Not only is it one of New York City’s – and the world’s – ugliest buildings, but the Port Authority Bus Terminal is also one of New Yorkers’ least favorite. Lacking the elegance of Grand Central Station or the (relatively) more exotic destinations served by Penn Station, its open air trusses allow pigeons to stroll the concourse while commuters wait in line for departures to suburban New Jersey.
But recently the Bus Terminal has found itself at the nexus of New York City’s green building movement. In late March, Vornado reportedly raised between $500 and $700 million from a Chinese investment concern to finance construction of the long-waited 20 Times Square above the station. At 1.3 million square feet, the 42-story Richard Rogers-designed tower will aim for LEED for Core and Shell Gold from USGBC. The global law firm Paul Weiss is rumored to become Vornado’s anchor tenant.
Now, in June, the Bus Terminal’s northeast facade (at the corner of 42nd Street and 8th Avenue) will be transformed by New York City’s first large-scale application of mediamesh: an advanced LED imagery technology developed by GKD-USA, a joint venture by a German light engineering firm and an American metal fabric developer.
Mediamesh is actually a stainless steel fabric in which LED lights are embedded. Because it is a tensile structure (i.e., all of its elements are in tension with no compression or bending), mediamesh can hang over large areas with little steel support. When installed, the mesh still permits views from the interior to the outside. Depending on how much space is left between each band of LED lights, the translucence of the display can vary. At the Port Authority, the optimal viewing distance will be between 80 and 100 feet (so be sure and stand on the opposite corner in front of Chevy’s for the full effect once the installation is complete).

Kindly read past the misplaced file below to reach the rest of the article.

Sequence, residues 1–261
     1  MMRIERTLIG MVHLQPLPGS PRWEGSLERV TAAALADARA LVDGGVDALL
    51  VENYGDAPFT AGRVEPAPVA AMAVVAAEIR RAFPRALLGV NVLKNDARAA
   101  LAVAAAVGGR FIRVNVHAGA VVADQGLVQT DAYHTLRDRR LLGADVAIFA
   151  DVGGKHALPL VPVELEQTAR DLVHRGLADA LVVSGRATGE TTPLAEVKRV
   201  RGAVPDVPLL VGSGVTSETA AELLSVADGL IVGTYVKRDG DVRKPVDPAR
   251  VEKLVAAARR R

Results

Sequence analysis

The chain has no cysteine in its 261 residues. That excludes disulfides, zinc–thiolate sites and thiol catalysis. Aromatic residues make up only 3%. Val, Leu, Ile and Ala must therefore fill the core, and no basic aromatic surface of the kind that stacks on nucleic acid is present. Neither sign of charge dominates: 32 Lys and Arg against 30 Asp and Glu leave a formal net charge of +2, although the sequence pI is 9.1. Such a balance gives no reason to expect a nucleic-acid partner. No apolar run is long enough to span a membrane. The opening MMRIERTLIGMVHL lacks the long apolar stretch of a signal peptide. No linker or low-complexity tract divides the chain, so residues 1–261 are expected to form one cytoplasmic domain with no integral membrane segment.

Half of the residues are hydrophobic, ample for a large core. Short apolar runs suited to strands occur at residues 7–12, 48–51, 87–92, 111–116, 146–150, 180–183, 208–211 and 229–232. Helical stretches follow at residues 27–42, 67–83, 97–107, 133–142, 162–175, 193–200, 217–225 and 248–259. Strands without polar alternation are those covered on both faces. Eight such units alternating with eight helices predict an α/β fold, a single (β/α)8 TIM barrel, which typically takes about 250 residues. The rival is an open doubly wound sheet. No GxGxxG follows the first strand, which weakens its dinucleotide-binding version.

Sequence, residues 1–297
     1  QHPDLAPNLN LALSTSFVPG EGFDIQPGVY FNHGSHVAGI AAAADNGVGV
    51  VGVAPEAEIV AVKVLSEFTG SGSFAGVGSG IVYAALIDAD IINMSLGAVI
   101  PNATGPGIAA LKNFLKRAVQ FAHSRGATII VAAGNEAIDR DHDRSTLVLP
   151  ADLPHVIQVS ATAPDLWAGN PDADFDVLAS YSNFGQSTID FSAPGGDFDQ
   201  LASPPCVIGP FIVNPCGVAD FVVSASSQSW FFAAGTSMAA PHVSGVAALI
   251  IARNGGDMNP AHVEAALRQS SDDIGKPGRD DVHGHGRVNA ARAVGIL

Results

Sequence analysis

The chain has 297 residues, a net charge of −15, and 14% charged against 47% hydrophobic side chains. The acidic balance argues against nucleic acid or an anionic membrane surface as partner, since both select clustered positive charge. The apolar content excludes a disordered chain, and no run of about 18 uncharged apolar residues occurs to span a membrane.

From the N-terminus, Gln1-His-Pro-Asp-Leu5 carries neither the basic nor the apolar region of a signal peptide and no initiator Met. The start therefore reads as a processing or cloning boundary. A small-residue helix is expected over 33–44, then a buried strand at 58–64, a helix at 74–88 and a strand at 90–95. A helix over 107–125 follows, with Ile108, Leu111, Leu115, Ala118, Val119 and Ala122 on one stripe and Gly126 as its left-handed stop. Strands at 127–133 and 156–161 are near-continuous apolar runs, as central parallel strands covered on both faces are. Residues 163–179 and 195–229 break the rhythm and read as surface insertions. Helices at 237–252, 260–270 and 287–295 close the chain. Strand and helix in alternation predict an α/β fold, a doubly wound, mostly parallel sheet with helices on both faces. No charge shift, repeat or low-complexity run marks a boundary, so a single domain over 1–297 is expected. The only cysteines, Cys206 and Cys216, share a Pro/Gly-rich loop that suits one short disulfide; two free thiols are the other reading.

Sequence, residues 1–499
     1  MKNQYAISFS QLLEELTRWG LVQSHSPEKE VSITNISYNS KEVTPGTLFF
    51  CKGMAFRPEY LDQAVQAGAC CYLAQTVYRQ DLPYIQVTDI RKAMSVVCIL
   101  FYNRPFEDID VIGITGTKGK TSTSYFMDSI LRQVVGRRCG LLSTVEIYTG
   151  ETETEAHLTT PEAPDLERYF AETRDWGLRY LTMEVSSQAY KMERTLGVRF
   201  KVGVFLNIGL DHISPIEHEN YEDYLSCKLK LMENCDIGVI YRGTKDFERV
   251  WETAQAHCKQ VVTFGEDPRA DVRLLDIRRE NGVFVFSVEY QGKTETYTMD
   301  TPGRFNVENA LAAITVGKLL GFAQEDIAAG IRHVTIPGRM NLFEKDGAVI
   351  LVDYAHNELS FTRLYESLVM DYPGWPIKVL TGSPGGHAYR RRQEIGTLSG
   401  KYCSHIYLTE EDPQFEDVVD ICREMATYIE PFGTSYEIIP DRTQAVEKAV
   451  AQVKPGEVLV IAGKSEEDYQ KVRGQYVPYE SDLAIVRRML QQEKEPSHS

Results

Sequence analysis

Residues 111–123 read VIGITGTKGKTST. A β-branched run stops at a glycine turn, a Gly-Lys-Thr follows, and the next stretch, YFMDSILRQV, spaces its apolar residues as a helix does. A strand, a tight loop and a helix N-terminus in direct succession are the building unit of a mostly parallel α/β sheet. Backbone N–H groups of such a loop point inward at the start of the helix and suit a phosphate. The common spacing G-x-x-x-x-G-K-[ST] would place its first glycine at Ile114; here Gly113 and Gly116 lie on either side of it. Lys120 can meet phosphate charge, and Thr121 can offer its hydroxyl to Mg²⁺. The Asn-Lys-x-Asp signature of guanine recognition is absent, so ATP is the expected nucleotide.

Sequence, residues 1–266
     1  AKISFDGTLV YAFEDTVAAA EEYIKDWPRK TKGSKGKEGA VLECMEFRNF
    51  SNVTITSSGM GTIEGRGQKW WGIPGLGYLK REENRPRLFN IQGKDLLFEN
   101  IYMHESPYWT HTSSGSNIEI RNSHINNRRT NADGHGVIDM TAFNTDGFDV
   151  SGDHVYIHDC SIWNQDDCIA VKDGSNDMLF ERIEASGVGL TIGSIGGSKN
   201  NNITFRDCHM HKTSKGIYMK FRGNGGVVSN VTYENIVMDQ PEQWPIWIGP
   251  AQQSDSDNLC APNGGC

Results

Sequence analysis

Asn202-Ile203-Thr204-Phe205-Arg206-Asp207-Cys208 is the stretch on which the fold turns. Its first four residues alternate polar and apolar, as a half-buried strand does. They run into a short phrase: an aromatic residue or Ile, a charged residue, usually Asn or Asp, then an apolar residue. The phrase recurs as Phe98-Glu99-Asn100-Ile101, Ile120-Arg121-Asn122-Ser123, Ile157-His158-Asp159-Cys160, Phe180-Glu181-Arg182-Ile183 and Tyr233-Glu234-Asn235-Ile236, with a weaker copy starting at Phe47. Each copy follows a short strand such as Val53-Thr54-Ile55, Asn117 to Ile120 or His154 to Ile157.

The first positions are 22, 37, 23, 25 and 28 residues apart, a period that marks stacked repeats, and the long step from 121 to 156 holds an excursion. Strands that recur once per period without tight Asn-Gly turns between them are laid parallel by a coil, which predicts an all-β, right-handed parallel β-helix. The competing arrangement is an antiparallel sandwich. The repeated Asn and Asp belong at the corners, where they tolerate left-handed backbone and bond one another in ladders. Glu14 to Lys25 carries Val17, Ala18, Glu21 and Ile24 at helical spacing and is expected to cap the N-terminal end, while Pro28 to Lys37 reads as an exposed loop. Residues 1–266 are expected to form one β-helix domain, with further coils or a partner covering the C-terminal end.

Mediamesh is a relatively new technology (only 4 years old). It has already been installed in Manhattan at the Crowne Plaza Hotel at 1605 Broadway (between 48th and 49th Streets) on a much smaller scale. At the Bus Terminal, it will cover approximately 6000 square feet. The Port Authority will use the installation to display various advertisements. But that’s not all mediamesh can do; at Cal State’s Madden Library in Fresno, the technology displays a 4000-hour video loop of a woman weaving a basket.
New Yorkers’ attitudes about the Bus Terminal may never change completely, and that’s certainly understandable. But even the most veteran of commuters should take a moment while dodging pigeons on the way to the gate to acknowledge the Port Authority’s efforts to bring the building into the 21st century.